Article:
Even though he started his career in computers, Jeff Foxworthy says he’s a bit of a throwback.
“IBM would have fired me a long time ago,” he says. “I write everything in longhand.”
To prove as much, the 58-year-old comedian keeps a stack of notecards in his back pocket and a yellow notepad on his bathroom vanity.
“The best ideas come when I’m in the shower,” Foxworthy explains. “You can tell because there are drip marks on the paper.”
Good friend and touring partner Larry the Cable Guy is more tech savvy, tweeting frequently and using recording devices to capture his flashes of brilliance. But, Foxworthy says, there’s a method to his madness. “I read something not long ago that said if you write it by hand you remember it better – 80 percent better.”
Considering his mind will only hold two hours of material at any given time, that’s a technique worth mastering. Need proof? “People will come up and say, ‘Tell that thing you said when you saw your grandmother naked’ and I’ve got to say, ‘Tell me how it started.’”
To test new material, Foxworthy hits a club in Atlanta, his home, on Sundays. “Don’t go Friday or Saturday night. Go when maybe there are 20 or 30 people in the crowd.”
After a while, he says, he has enough new stuff to fill an act. “If you laid carpet for 30 years, you would know what works and what doesn’t work. With standup, the only way to write new stuff is to go to itty bitty clubs and test it out.
“Before an act, if I were to pick the four jokes that would work best, I would be dead wrong on two of them. If I said, ‘This is going to kill,’ I’d hear nothing. And if I said, ‘This is stupid,’ people would be snotting on themselves.”
When jokes don’t work, “I can hear one person laughing maniacally – my wife. She loses it when they bomb.”
Thanks to cellphones, Foxworthy says, those new gems don’t stay hidden for long. At performances, “I can see 20 people with their cellphones up. I don’t get it. If you’re too busy thinking, ‘Have I got it centered?’ how can you enjoy the show? When we were doing the Blue Collar Tours, they’d have these huge screens up and there’d always be someone in the third row looking up at the screen. I’m 15 feet in front of them. I don’t get it.”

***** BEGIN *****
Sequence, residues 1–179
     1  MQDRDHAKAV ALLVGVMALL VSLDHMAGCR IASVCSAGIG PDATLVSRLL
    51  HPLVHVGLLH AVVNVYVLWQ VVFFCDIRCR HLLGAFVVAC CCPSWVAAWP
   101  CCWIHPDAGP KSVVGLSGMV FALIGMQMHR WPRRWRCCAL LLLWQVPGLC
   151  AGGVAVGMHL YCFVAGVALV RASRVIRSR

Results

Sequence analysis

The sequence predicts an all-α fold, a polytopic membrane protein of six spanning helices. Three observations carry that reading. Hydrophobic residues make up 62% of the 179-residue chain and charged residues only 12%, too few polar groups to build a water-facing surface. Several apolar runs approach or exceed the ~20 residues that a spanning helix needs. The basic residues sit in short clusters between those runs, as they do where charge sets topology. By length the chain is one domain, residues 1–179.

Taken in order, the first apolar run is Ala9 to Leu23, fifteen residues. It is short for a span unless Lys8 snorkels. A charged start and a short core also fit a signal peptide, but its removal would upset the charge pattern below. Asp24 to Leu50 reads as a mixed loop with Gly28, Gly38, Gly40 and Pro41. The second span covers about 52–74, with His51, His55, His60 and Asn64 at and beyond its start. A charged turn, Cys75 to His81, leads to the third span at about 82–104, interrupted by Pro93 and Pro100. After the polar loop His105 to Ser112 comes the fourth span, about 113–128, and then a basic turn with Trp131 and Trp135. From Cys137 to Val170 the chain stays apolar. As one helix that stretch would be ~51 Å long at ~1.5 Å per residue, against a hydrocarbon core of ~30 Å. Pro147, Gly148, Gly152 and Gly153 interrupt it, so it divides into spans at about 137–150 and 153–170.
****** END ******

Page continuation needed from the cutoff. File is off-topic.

While Foxworthy ditches his phone while he’s working on his farm, he knows cellular technology is like a drug for many people. “It’s almost like idol worship,” he says. “I used to know people’s phone numbers. Now, I don’t even know my daughter’s.” He’s not too gung ho on social media, either. And he isn’t one to chronicle every minute on Facebook.
Instead his albums and specials offer the best snapshot of his life at any given time.
His latest routine, Fact of Life, came about while talking with one of his daughters. He couldn’t come up with a piece of information and she said, “There’s no excuse not to know it. Just Google it.”
Foxworthy saw that as a challenge and reasoned there had to be some things you couldn’t Google, you had to learn through life. (Example: “Fact of life: You can have a wife with long, beautiful hair or you can be on time.”)
Fans worry that the new segment has replaced his “Redneck” rant. Naah, the Grammy nominee says, even in the heyday of “You might be a Redneck,” “they only lasted five minutes in a two-hour set. They’re easy to retell and if you’re not guilty of it, you’ve probably got a relative who is.” (Still worried? They could figure into his encore.)
Foxworthy’s real bread and butter is storytelling. He gets big laughs because he can recount events in his own life that audiences find awfully familiar.
Those intelligent turns on television? Smoke and mirrors. On something like “Are You Smarter than a Fifth Grader?” or “The American Bible Challenge,” he gets help from producers through an earpiece. “If they didn’t give me the answers on ‘Fifth Grader’ I might not know them.”
The Bible challenge? That’s trickier. Whenever he mispronounces a name, he just reverts to an old excuse: “That’s the way my mother says it.”
For eight years, Foxworthy has hosted a Bible study for homeless men every Tuesday. “That’s close to my heart,” he says. “God put different things on different people’s hearts. We don’t have to be moved by the same things.”
Many of the men recognize Foxworthy but his celebrity quickly disappears when they realize he’s there as Jeff, someone who wants to help.
“I don’t think we can do anything for God except say ‘yes’ when He whispers to us,” Foxworthy says. “There are so many more qualified people than me to do his. But it’s at the top of my list, priority-wise.”
Consider that the Foxworthy Fact of Life you probably didn’t know.